A sequence of random variables $$\{X_n\}$$ is said to be uniformly integrable if $$\sup_n\lim_{K\to\infty} \mathbb E[|X_n|\mathsf 1_{\{|X_n|>K\}}] = 0.$$ This implies that $$\sup_n\mathbb E[|X_n|]<\infty$$. Now, we show that for every $$\varepsilon>0$$, there exists $$\delta>0$$ such that for any event $$E$$, $$\mathbb P(E)<\delta\implies \sup_n\mathbb E[|X_n|\mathsf 1_E]<\varepsilon.\tag1$$ Write $$E_n = \{|X_n|>K\}$$. Then $$\mathbb E[|X_n|\mathsf 1_E = \mathbb E[|X_n|(\mathsf 1_{E\cap E_n}+\mathsf 1_{E\setminus E_n})] \leqslant \mathbb E[|X_n|\mathsf 1_{E_n}] + K\mathbb P(E).$$ Given $$\varepsilon>0$$, there exists $$K>0$$ such that $$\sup_n\mathbb E[|X_n|\mathsf 1_{E_n}]<\frac\varepsilon2$$. Setting $$\delta=\frac\varepsilon{2K}$$, we see that $$(1)$$ holds.

Now from $$\mathbb E[|X|]\leqslant \liminf_{k\to\infty}\mathbb E[|X_{n_k}|]$$ and $$(1)$$, we have that $$\mathbb E[|X|]<\infty$$, i.e. $$X\in L^1$$. The inequality $$|X_n-X|^r \leqslant 2^r (|X_n|^r +|X|^r),\quad r>0$$ shows that the sequence $$\{|X_n-X|\}$$ is uniformly integrable (check this!) and so for for each $$\varepsilon>0$$, \begin{align} \mathbb E[|X_n-X|] & = \mathbb E[|X_n-X|\mathsf 1_{\{|X_n-X|>\varepsilon\}}] + \mathbb E[|X_n-X|\mathsf 1_{\{|X_n-X|\leqslant\varepsilon\}}]\\ &\leqslant \mathbb E[|X_n-X|\mathsf 1_{\{|X_n-X|>\varepsilon\}}] + \varepsilon. \end{align} Since $$\{|X_n-X|\}$$ is uniformly integrable, $$\lim_{n\to\infty} \mathbb E[|X_n-X|\mathsf 1_{\{|X_n-X|>\varepsilon\}}] = 0,$$ from which the result holds.

To answer @UBM's question, we have $$\sup_n \mathbb E[|X_n-X|] \leqslant 2( \sup_n\mathbb E[X_n] + \mathbb E[|X|)<\infty$$ using $$r=1$$. Pick $$M>0$$ such that $$2( \sup_n\mathbb E[X_n] + \mathbb E[|X|). Now for each $$\varepsilon>0$$ we may pick $$\delta<\frac\varepsilon M$$ such that for any event $$E$$, $$\mathbb P(E)<\delta\implies \sup_n \mathbb E[|X_n-X|\mathsf 1_E]\leqslant M\mathbb P(E) < M\frac\varepsilon M = \varepsilon.$$ This implies that $$\{|X_n-X|\}$$ is uniformly integrable.

• Note that we did not need the assumption that the process was a martingale. Commented Jan 2, 2020 at 2:51
• The comment by sesame is almost an entire proof. Commented Jan 2, 2020 at 5:20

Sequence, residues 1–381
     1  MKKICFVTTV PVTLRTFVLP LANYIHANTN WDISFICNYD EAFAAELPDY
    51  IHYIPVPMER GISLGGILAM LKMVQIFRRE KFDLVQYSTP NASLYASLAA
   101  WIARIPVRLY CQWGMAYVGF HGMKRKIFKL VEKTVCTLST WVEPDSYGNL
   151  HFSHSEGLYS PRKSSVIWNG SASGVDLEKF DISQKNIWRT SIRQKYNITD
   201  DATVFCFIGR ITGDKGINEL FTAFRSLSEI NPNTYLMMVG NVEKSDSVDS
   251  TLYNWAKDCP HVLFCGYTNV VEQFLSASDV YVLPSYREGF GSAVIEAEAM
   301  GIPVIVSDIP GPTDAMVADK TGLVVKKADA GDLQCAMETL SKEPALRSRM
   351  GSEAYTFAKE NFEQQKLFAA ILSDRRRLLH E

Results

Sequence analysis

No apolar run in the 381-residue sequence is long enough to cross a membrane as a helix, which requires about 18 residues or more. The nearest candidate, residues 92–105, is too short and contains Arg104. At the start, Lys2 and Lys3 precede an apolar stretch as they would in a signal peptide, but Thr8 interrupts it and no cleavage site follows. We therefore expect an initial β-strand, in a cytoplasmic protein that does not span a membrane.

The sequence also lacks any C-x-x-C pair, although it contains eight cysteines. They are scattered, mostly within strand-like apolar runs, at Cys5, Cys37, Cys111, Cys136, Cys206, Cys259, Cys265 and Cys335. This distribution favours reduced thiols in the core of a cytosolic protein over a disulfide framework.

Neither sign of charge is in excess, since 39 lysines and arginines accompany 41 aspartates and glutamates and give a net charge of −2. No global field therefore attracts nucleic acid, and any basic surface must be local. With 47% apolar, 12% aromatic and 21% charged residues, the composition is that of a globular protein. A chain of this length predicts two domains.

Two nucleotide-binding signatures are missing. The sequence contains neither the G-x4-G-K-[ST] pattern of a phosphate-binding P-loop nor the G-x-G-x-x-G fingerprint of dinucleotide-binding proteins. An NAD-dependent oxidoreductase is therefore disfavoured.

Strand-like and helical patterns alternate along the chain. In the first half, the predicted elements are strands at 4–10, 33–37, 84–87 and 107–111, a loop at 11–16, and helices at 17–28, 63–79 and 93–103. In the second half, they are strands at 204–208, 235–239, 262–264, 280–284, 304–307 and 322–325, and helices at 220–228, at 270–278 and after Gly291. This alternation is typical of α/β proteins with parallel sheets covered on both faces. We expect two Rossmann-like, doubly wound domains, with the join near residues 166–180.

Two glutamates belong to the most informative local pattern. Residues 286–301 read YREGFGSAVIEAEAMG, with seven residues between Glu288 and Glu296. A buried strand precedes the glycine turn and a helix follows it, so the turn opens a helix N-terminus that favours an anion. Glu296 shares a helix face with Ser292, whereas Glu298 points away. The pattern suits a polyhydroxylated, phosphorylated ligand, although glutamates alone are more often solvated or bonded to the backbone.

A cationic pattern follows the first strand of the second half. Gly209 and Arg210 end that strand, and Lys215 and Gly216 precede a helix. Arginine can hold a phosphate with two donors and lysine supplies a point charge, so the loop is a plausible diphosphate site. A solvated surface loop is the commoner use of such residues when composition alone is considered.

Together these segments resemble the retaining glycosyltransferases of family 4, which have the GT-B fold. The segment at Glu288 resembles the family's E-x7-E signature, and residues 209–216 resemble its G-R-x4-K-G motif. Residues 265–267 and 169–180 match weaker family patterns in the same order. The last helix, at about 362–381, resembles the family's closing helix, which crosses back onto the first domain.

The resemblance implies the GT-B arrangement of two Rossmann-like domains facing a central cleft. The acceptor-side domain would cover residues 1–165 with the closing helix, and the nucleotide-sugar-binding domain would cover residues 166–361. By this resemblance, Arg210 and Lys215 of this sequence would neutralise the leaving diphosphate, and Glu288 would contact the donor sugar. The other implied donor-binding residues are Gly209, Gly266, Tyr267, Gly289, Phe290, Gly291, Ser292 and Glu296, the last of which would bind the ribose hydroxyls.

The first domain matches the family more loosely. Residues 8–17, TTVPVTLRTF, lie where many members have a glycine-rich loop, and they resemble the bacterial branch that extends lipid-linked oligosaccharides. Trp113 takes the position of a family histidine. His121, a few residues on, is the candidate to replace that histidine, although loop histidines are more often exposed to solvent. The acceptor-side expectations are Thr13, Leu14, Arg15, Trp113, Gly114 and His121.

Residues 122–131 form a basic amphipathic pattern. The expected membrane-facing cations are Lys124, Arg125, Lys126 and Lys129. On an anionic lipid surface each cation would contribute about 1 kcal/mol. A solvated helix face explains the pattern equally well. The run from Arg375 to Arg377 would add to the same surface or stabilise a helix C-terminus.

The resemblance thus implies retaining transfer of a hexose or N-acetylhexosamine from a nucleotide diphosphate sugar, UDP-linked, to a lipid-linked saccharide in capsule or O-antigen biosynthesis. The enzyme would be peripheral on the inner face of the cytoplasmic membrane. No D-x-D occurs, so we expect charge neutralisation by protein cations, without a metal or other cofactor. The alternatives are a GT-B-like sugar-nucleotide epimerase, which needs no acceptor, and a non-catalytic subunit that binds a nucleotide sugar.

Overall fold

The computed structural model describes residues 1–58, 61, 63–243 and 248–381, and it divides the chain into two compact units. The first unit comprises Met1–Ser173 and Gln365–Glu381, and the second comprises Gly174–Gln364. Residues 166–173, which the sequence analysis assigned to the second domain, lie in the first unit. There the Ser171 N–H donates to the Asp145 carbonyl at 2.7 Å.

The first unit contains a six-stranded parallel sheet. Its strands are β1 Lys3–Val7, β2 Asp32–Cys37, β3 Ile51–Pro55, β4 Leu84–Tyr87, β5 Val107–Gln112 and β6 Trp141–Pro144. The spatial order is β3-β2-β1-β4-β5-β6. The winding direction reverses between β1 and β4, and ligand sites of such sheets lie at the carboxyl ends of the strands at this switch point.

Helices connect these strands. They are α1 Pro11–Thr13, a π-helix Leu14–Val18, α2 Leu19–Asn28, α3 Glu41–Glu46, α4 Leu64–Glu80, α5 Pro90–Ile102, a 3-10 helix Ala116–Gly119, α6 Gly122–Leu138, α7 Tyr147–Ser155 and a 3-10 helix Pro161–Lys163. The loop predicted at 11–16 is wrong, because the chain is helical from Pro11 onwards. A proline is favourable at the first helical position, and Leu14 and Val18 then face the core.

• @Math1000: Thank you very much for all the detail but if you didn't assume that $M$ is UI martingale, what claim are you proving exactly?
– UBM
Commented Jan 2, 2020 at 19:32
• Also, what fact did you use to justify that $\mathbb E[|X_n-X|\mathsf 1_{\{|X_n-X|\leqslant\varepsilon\}}]< \varepsilon$?
– UBM
Commented Jan 2, 2020 at 19:36
• I'm a little bit lost because we already knew that $X_n \rightarrow X$ a.s. and that $X \in L^1.$ It seems that most of your answer is about proving those two facts. Maybe I'm missing something?
– UBM
Commented Jan 2, 2020 at 19:43

From Rogers and Williams (1st Volume).

We will need the following two results:

Proposition 1. Suppose that $$X \in L^1$$. Let $$\epsilon > 0.$$ Then there exists $$K$$ such that $$E[|X|;|X|>K] < \epsilon.$$

Theorem 2. (Bounded-Convergence Theorem) Let $$(X_n)$$ be a sequence of of random variables, and let $$X$$ be a random variable. Suppose that $$X_n \rightarrow X$$ in probability and that, for some $$K \in [0, \infty),$$ we have for every $$n$$ and $$\omega,$$ that $$|X_n(\omega)| \leq K.$$ Then $$E[ |X_n -X |] \rightarrow 0.$$

A UI martingale $$M$$ is clearly a $$L^1$$-martingale. Take, for example $$\epsilon = 1$$. Then, by definition (of UI-martingale), for all $$t \geq 0,$$ there exists $$K_1$$ such that $$E|M_t| = E[|M_t|;|M_t|>K_1] + E[|M_t|;|M_t| \leq K_1]= 1 + K_1.$$ Hence, $$\sup_{t \geq 0}E|M_t| \leq 1+ K_1$$ and $$M$$ is a $$L^1$$-martingale. By the martingale convergence theorem, there exists $$M_{\infty} \in L^1$$ such that $$M_t \rightarrow M_{\infty}$$ a.s., which implies that $$M_t \rightarrow M_{\infty}$$ in probability.
Next, for $$K \in [0,\infty),$$ define the functions $$g_K: \mathbb R \rightarrow [-K,K]$$ as follows: $$g_K(x):= \begin{cases} K \quad \text{ if } x>K; \\ x \quad \text{ if } |x| \leq K; \\ -K \quad \text{ if } x
Now, using the family of functions $$g_K,$$ we will prove that $$M_t \rightarrow M_\infty$$ in $$L^1$$.
Let $$\epsilon > 0$$ and choose $$K$$ large enough so \begin{align*} E|g_K(M_t)-M_t| &< \frac{\epsilon}{3} \tag*{(since M is a UI-martingale)} \\ E|g_K(M_\infty)-M_\infty| &< \frac{\epsilon}{3} \tag*{(by Proposition 1)} \end{align*}
Moreover, note that the functions $$g_K$$ satisfy that for all $$x,y \in \mathbb R,$$ $$|g_K(y)-g_K(x)| \leq |y-x|.$$ Hence, given $$K$$ from the step before, we have that for all $$t \geq 0$$ $$|g_K(M_\infty)-g_K(M_t)| \leq |M_\infty-M_t|,$$ which implies that $$g_K(M_t) \rightarrow g_K(M_\infty) \text{ a.s. }$$ and also, $$g_K(M_t) \rightarrow g_K(M_\infty)$$ in probability. Hence, by Theorem 2, for large enough $$t$$ we have $$E|g_K(M_\infty)-g_K(M_t)|< \frac{\epsilon}{3}.$$ Therefore, by the triangular inequality \begin{align*} E|M_\infty - M_t| &= |M_t - g_K(M_t) + g_K(M_t) - g_K(M_\infty) + g_K(M_\infty) - M_\infty| \\ &\leq |M_t - g_K(M_t)| + |g_K(M_t) - g_K(M_\infty)| + |g_K(M_\infty) - M_\infty| \\ &< \epsilon. \end{align*}